Phenylalanine is an amino acid, a “building block” of protein. There are three forms of phenylalanine: D-phenylalanine, L-phenylalanine, and the mix made in the laboratory called DL-phenylalanine. D-phenylalanine is not an essential amino acid. Its role in people is not currently understood. L-phenylalanine is an essential amino acid. It is the only form of phenylalanine found in proteins. Major dietary sources of L-phenylalanine include meat, fish, eggs, cheese, and milk.
Phenylalanine is used for a skin disease called vitiligo, depression, attention deficit-hyperactivity disorder (ADHD), Parkinson’s disease, multiple sclerosis, pain, acupuncture anesthesia, osteoarthritis, rheumatoid arthritis, weight loss, and alcohol withdrawal symptoms.
Some people apply it directly to the skin for vitiligo and dark spots on the skin due to aging (liver spots).
The body uses phenylalanine to make chemical messengers, but it is not clear how phenylalanine might work.
Uses & Effectiveness
Possibly Effective for
- A skin condition called vitiligo. Taking L-phenylalanine by mouth in combination with UVA exposure or applying L-phenylalanine to the skin in combination with UVA exposure seems to be effective for treating vitiligo in adults and in children.
Possibly Ineffective for
- Attention deficit-hyperactivity disorder (ADHD). Some research suggests that patients with ADHD have lower levels of amino acids such as phenylalanine, so there was hope that providing phenylalanine might treat ADHD. However, taking phenylalanine by mouth does not seem to have any effect on ADHD symptoms.
- Pain. Taking D-phenylalanine by mouth does not need to reduce pain.
Insufficient Evidence for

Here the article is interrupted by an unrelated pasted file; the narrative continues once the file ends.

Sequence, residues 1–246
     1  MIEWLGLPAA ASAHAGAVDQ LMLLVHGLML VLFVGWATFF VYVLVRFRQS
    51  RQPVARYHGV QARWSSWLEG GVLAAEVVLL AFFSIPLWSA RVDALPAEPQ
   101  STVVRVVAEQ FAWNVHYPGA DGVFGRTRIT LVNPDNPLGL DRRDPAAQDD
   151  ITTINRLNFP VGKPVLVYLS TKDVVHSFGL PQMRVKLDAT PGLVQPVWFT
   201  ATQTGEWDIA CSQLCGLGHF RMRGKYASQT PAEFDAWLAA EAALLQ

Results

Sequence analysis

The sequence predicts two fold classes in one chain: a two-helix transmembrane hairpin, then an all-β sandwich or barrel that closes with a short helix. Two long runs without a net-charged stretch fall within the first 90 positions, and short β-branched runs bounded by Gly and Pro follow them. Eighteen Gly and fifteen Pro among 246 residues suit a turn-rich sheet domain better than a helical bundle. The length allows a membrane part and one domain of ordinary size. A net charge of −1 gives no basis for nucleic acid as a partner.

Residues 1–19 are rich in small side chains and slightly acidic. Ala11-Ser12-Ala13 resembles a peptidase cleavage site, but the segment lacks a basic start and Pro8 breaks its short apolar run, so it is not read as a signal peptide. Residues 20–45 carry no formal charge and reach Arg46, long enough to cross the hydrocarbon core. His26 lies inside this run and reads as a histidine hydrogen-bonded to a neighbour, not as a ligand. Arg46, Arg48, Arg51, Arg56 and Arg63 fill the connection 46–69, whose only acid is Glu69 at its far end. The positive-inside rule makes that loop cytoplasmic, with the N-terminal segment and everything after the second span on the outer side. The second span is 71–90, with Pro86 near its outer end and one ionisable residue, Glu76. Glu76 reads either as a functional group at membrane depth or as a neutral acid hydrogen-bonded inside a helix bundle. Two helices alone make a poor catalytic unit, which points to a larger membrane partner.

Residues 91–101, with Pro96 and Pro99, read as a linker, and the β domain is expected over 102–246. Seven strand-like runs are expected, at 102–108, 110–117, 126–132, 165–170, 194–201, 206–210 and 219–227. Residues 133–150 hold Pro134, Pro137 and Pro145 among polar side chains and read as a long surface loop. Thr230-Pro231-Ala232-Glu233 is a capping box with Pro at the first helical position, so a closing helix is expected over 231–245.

- Acupuncture anesthesia. Early research suggests that taking D-phenylalanine by mouth might enhance acupuncture anesthesia while having a tooth pulled. However, it does not seem to improve acupuncture anesthesia for back pain.
- Aging skin. Early research shows that applying a modified form of phenylalanine called undecylenate phenylalanine as a 2% cream twice daily for 12 weeks can reduce the number of age spots.
- Alcoholism. Early research suggests that taking a combination of D-phenylalanine, L-glutamine, and L-5-hydroxytryptophan for 40 days can improve some symptoms of alcohol withdrawal.
- Depression. Limited clinical research performed in the 1970s and 1980s suggests L-phenylalanine or DL-phenylalanine might be useful for depression. However, this research needs to be confirmed. Taking D-phenylalanine does not appear to improve symptoms of depression.
- Multiple sclerosis. Early research suggests that using Cari Loder’s regiment, which includes L-phenylalanine, lofepramine, and intramuscular vitamin B12 for 24 weeks, does not improve disability in people with multiple sclerosis.
- Parkinson’s disease. Limited research suggests taking one form of phenylalanine (D-phenylalanine) might decrease symptoms of Parkinson’s disease. However, taking another form (DL-phenylalanine) does not seem to work.
- Phenylalanine deficiency. Early research suggests that taking phenylalanine by mouth might improve phenylalanine deficiency in children with tyrosinemia.
- Weight loss. Early research shows that phenylalanine does not reduce hunger in people who are obese or overweight.
Side Effects & Safety
L-phenylalanine is LIKELY SAFE for most people when taken by mouth in amounts commonly found in foods.
L-Phenylalanine is POSSIBLY SAFE when taken by mouth as medicine or when applied as a cream, short-term.
There is not enough reliable information available about the safety of D-phenylalanine.
Special Precautions & Warnings: